• Anxiety Reduction minimizing apprehension, dread, foreboding, or uneasiness related to an unidentified source or anticipated danger. Provision of a modified environment for the patient who is experiencing a chronic confusional state. Calming Technique to Reducing anxiety in patient experiencing acute distress
  • Hemodynamic Regulation Optimization of heart rate, preload, after load, and contractility. Cardiac Limitation of complications resulting from an imbalance between myocardial oxygen supply and demand for a patient with symptoms of impaired cardiac function. Circulatory Care Mechanical Assist Devices Temporary support of the circulation through the use of mechanical devices or pumps
  • Fluid Management Promotion of fluid balance and prevention of complications resulting from abnormal or undesired fluid levels. Hypovolemia Management: Reduction in extracellular and/or intracellular fluid volume and prevention of complications in a patient who is fluid overloaded. Shock Management Volume: Promotion of adequate tissue perfusion for a patient with severely compromised intravascular volume.
  • Teaching Individual Planning, implementation, and evaluation of a teaching program designed to address a patient’s particular needs. Learning Facilitation to promoting the ability to process and comprehend information. Learning Readiness Enhancement to Improving the ability and willingness to receive information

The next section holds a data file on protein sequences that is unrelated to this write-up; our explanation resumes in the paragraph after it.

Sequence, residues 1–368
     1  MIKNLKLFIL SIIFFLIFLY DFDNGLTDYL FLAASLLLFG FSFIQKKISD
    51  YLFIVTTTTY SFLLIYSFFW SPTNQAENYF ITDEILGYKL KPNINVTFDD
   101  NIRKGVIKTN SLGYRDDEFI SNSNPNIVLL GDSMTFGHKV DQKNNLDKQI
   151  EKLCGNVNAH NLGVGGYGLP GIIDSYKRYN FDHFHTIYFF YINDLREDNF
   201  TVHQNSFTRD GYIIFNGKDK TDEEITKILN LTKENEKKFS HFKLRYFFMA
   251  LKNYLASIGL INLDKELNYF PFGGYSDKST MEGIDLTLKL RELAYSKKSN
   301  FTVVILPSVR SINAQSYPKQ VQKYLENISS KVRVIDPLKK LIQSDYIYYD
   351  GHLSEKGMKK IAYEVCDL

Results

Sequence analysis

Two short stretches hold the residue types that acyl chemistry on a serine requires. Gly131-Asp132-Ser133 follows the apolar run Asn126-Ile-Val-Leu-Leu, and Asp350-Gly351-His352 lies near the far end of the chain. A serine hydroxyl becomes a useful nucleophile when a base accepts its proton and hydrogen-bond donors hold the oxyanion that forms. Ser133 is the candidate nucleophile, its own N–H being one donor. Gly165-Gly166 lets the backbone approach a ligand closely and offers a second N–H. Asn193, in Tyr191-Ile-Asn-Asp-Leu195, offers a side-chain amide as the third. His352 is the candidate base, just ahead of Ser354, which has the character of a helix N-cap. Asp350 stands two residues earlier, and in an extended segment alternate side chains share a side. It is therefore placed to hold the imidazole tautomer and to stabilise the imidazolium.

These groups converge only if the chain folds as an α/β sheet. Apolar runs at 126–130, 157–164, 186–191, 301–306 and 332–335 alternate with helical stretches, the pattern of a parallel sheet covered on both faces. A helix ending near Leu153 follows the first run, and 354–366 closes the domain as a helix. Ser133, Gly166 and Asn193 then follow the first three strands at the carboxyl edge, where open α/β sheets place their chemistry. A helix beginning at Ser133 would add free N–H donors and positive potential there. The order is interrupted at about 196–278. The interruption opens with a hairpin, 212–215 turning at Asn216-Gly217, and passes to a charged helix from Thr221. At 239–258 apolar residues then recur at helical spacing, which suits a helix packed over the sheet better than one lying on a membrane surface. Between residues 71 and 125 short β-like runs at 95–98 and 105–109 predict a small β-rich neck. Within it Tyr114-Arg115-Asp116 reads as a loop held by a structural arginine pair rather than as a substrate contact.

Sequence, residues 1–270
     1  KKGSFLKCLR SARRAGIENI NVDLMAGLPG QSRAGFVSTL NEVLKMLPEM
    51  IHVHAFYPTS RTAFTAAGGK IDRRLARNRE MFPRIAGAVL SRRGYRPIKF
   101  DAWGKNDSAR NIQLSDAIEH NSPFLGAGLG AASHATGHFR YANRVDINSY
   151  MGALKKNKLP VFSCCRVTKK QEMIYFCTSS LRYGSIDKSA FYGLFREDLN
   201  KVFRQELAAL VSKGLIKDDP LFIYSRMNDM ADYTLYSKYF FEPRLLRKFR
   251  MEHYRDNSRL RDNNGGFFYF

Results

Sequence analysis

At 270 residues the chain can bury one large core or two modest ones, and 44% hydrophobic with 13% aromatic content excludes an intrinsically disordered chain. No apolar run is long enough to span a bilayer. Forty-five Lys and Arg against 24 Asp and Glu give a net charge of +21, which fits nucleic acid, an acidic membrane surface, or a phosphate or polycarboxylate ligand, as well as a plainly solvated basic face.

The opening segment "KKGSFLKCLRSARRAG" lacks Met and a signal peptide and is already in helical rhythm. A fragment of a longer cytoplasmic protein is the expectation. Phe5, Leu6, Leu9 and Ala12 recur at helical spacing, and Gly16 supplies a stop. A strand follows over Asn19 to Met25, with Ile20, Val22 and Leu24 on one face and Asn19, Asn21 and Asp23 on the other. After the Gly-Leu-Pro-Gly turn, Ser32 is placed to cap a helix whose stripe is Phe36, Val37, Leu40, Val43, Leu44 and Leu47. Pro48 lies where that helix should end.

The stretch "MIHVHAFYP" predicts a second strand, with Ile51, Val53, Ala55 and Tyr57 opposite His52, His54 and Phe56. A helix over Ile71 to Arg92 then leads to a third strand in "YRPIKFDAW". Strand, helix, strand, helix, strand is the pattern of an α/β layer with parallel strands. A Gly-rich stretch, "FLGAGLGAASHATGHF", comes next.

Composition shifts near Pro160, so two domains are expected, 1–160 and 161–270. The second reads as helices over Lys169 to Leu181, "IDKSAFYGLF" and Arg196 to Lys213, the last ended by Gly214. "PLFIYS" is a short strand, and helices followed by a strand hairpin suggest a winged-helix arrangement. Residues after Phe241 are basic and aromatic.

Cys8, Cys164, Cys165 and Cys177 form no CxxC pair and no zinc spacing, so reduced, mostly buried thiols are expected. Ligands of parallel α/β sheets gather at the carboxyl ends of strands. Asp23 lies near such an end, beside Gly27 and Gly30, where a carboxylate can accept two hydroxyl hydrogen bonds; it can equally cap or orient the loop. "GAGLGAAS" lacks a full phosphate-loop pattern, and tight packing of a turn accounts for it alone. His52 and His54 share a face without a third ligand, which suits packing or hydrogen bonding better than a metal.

• Respiratory Monitoring to Collection and analysis of patient data to ensure airway patency and adequate gas exchange. Oxygen Therapy Administration of oxygen and monitoring of its effectiveness. Airway Management Facilitation of patency of air passages
  • Wound Care Prevention of wound complications and promotion of wound healing Cleansing, monitoring, and promotion of healing in a wound.
  • Airway Management Facilitation of patency of air passages. Respiratory Monitoring Collection and analysis of patient data to ensure airway patency and adequate gas exchange
  • Ventilation Assistance: Promotion of an optimal spontaneous breathing pattern that maximizes oxygen and carbon dioxide exchange in the lungs